Clotted blood The bloodstains are clotted blood[13a] in that they are thickened on the edges[14]. As blood dries it forms a scab and contracts, thickening the edge of the scab and exuding serum onto the surface and edges of the contracting clot[15].

Serum halos The border of every bloodstain under ultraviolet light shows a typical yellowish fluorescence of a serum exudate ring or halo around a scab as expected for blood clot retraction[16]. These serum halos confirm that the Shroud's bloodstains are real blood[16a].

Serum albumin is the most abundant blood plasma protein and is produced in the liver[17]. These serum haloes above tested positive for serum albumin and they also gave a positive immuno-chemical test with albumin serum[18]. Positive serum albumin tests were also found in areas adjacent to the blood, for example the lance wound area[19].

Distinction between arterial and venous bloodflows The distinction between arterial and venous blood flows is evident in some

[Above (enlarge): Distinction between venous blood in the reversed `3' or epsilon bloodstain, which is correctly from the frontal vein "V", and arterial blood which is from the frontal branch of the superficial temple artery "Al" on the forehead.[20].]

bloodstains on the man's forehead[21]. Venous blood appears darker and thicker because it flows more slowly than arterial blood[22]. The large reversed `3' or epsilon-shaped blood clot on the man's forehead is an example of a large venous blood flow[23].The distinction between arterial and venous blood was not even discovered until 1593 by Andrea Cesalpino (c. 1524-1603)[24], more than 230 years after the Shroud first appeared in undisputed history at Lirey, France in c.1355[25]!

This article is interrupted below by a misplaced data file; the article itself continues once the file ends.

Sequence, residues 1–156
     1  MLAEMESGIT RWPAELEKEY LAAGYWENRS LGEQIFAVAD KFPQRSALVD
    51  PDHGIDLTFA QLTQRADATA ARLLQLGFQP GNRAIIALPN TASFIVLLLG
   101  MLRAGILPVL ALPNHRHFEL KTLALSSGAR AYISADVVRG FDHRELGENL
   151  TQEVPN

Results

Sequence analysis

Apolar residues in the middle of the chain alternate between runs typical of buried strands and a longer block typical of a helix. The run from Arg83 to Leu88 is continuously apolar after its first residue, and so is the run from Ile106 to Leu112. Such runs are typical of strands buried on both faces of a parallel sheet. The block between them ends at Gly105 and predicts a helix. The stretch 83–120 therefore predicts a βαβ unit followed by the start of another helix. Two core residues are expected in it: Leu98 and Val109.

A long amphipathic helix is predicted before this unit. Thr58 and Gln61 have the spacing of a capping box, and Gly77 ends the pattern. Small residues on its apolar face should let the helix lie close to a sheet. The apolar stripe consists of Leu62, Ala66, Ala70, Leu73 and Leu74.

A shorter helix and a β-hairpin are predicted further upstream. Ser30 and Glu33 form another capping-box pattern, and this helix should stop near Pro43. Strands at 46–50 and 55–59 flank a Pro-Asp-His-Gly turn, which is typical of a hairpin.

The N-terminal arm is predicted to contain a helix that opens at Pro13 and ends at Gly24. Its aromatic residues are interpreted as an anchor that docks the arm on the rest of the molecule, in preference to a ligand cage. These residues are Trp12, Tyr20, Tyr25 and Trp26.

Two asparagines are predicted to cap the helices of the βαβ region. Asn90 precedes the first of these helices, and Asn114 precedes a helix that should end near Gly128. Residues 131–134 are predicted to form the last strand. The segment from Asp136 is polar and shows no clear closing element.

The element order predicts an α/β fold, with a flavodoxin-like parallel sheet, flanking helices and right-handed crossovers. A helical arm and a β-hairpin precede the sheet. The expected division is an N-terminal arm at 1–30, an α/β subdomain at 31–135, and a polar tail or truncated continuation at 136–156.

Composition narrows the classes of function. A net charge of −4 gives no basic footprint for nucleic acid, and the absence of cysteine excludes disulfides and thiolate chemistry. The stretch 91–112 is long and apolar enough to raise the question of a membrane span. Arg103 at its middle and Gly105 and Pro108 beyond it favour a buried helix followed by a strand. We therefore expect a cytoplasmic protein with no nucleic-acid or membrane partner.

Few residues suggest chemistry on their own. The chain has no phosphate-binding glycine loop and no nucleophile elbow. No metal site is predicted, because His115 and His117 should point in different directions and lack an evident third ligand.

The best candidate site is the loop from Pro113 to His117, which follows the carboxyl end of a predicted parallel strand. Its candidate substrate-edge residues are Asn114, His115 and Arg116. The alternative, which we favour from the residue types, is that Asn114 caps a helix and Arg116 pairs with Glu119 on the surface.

Distinction between premortem and and postmortem blood The bloodflows on and from the man on the Shroud can be distinguished as antemortem or premortem (before death) and postmortem (after death)[26]. For example, the bloodflows on the face are all premortem, as shown by computer mapping which found that all streams of blood on the face flow down the face and none of them flow toward the back of the neck or head[27]! This means the man on the Shroud died on the cross in an upright position and then the blood in his head had drained down internally while he was still on the cross[28]. Examples of postmortem bloodflows include the spear wound in the side[29], the pool of blood across the small of the back from that spear wound[30] [Right (enlarge)[31].], and the trickle of blood from the right foot after the removal of the nail[32]. These had oozed with gravity and showed no sign of force from a pumping heart[35].